Radio Palermo moved with the Allies to Naples and Milan, where Kamenetzky was asked to work as a stringer for the Corriere della Sera when he returned to America. He decided to adopt his old pen-name in memory of his friend Pintor, who had been killed while fighting for the Resistance in 1943.

The first report by Ugo Stille appeared in the Corriere on 17 January 1946 and during the next half-century a visit to his office, first in the New York Times building, later in his home in Greenwich Village, was a must for any Italian intellectual, politician or writer in the US. His office was so full of papers, books and pipes that no one was surprised when it caught fire one day. Stille only worried about his precious books.

Stille was always on top of events, well in advance of diplomats and his colleagues. He even discovered that Trieste would be handed back to Italy before the Italian government was informed of the fact. He insisted his scoops were just the results of hard work and a simple technique: first you do your background research, then you ask the right person the right questions, giving the impression that you know more than you really do. If he confirms your hunches, you ask other people the same questions. And then you return to your first interlocutor. This way, claimed Stille, piece by piece, you put the whole puzzle together.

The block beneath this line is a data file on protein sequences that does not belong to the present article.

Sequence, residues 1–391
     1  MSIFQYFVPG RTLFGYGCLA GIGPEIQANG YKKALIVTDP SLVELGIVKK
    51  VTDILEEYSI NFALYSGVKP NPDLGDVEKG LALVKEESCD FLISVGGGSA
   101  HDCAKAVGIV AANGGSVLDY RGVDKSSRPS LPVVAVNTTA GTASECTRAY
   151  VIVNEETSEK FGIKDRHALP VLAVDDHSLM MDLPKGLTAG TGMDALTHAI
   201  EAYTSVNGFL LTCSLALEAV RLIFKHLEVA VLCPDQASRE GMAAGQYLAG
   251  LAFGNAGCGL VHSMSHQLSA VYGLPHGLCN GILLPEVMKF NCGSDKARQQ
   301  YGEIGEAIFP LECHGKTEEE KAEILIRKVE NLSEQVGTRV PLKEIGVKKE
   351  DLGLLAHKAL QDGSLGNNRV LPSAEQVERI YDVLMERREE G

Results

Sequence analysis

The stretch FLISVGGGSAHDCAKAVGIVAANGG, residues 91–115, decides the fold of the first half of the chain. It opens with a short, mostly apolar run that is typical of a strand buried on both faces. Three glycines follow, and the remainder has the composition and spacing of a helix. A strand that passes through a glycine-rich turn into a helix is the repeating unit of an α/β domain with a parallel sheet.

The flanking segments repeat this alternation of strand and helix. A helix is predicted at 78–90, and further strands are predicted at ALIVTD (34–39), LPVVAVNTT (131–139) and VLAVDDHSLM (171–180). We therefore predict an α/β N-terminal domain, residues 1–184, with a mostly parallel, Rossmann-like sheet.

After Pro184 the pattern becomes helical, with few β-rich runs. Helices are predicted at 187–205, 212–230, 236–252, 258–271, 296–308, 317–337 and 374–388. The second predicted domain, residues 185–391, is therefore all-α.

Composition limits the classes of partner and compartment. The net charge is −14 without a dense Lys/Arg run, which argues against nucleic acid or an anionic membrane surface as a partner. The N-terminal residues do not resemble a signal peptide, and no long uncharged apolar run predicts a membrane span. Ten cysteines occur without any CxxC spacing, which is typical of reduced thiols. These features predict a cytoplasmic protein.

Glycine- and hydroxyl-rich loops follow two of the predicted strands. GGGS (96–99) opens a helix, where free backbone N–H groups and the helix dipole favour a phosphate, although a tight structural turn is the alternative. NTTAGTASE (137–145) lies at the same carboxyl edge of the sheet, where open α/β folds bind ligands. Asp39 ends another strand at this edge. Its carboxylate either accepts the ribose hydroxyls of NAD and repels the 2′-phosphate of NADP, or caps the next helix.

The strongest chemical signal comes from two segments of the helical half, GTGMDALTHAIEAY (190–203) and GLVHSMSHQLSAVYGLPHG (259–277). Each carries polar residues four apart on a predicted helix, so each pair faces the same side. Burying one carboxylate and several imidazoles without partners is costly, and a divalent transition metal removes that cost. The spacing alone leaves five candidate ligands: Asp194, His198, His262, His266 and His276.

But, "I hate scoops," he said. "A news analysis is much better. It's much better to do some thinking."

When Ugo Stille became editor of the Corriere della Sera it was a very delicate moment for the newspaper, which had been severely discredited after its owners were involved in the scandal regarding the masonic lodge P2. Stille took it upon himself to rebuild the paper. ''The authority of a great newspaper,'' he wrote in his first editorial, ''its influence on national events, depend on its ability to be the nation's 'mirror', to reflect all of its components, to capture the diversified aspects of a pluralistic context, to perceive its changes."

Stille convinced some of Italy's most authoritative journalists to join the Corriere and hired some promising young reporters. Under his direction, the paper regained its credibility and its sales.

Wolfgang Achtner